ANCHORAGE — Developers are planning to build an upscale housing complex in Anchorage at the site of an aging mobile home park.
The group of California developers is seeking to break ground next summer at the 30-acre Riviera Terrace Mobile Home Park, the Anchorage Daily News reported.
The plan calls for four construction phases of row houses and apartments, with a total of 450 housing units at the east Anchorage location.
Cameron Johnson, one of the developers, said his group passed on as many as 40 other properties before purchasing Riviera Terrace two months ago. The property was appraised at $3.8 million in its most recent assessment by the city.
The developers recognize the heavy demand for housing in Anchorage, said Johnson, who is in Anchorage this week to meet with city officials and Anchorage Assembly members.
“We’re well aware of the housing crisis in the city, which is part of the reason why we’ve been so aggressive in looking for a suitable site,” said Johnson, a Wasilla High School graduate who has worked on projects in the Matanuska-Susitna Valley.
Anchorage’s vacancy rate was 3.3 percent in 2013. That is considered below the healthy average.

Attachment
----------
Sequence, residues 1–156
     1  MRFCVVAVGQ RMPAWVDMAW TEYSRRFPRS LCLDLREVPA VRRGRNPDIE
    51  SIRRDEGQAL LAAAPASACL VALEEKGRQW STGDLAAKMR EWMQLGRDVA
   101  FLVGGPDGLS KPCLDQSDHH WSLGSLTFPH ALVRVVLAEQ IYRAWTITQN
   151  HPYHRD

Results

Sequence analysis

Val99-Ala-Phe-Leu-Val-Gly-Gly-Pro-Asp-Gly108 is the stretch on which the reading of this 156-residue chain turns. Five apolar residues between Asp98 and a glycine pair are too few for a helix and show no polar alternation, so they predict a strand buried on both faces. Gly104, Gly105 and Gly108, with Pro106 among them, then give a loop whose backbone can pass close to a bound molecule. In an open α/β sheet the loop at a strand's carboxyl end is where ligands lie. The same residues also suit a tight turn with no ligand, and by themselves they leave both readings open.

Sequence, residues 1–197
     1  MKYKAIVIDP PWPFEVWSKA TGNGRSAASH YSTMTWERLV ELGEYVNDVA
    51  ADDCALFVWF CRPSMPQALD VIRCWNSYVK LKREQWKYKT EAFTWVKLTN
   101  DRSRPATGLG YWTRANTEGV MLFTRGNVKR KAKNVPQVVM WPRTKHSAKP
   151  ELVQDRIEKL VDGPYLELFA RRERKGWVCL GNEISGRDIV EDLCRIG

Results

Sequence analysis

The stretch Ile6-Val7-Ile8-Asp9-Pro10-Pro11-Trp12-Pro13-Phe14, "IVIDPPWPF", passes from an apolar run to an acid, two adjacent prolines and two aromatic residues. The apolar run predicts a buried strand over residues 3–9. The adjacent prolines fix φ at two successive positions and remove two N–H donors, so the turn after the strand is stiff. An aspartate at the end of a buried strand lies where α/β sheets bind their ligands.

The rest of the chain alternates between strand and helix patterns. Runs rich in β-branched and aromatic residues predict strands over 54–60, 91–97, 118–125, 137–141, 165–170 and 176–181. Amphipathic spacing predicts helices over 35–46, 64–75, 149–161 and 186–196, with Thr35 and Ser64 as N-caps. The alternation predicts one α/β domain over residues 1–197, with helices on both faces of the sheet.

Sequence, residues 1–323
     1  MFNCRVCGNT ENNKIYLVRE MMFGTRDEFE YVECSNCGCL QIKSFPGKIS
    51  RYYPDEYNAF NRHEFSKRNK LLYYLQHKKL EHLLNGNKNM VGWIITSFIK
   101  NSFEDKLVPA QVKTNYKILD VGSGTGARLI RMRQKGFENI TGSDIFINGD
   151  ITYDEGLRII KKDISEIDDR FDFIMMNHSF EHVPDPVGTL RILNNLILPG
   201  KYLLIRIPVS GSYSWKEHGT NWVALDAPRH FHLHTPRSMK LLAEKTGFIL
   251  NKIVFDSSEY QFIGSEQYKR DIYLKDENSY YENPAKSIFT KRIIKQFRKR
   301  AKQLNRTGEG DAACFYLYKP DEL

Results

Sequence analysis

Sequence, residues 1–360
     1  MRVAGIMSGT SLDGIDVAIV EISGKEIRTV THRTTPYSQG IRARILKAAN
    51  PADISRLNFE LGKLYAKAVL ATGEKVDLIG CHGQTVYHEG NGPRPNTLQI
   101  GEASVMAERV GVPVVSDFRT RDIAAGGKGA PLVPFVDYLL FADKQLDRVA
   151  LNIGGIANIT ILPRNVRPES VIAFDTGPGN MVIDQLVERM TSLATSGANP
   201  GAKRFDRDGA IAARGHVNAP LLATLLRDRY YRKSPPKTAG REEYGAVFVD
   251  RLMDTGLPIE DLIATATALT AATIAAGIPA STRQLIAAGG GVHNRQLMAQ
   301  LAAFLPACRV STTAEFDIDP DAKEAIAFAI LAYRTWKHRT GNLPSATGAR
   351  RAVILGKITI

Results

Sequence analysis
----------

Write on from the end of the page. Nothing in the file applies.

The developers are pledging almost $1 million for relocation expenses for current residents at the mobile home park, where 170 units out of 190 spaces are occupied, Johnson said. Preliminary rent price projections for the planned development range between $1,400 and $2,000 a month.
The developers plan to submit an application next month to have the property rezoned for the density they are proposing, according to Kristine Bunnell, a senior city planner. The development group also is trying to see if the property can qualify for tax exemption through a local provision that allows a property to be declared deteriorated.
Rumors about a sale of the property have circulated for years, according to Riviera Terrace residents.
Charlie Hoff, 42, is a video store clerk. He said he’s concerned about what would happen if the new property owners forced him to move. His trailer space costs $425 in monthly rent, plus utilities, and about $200 in taxes annually.
“A lot of us can’t really afford more than what we’re paying,” Hoff said. “We didn’t get no PhD — we’re just video clerks and Walmart workers.”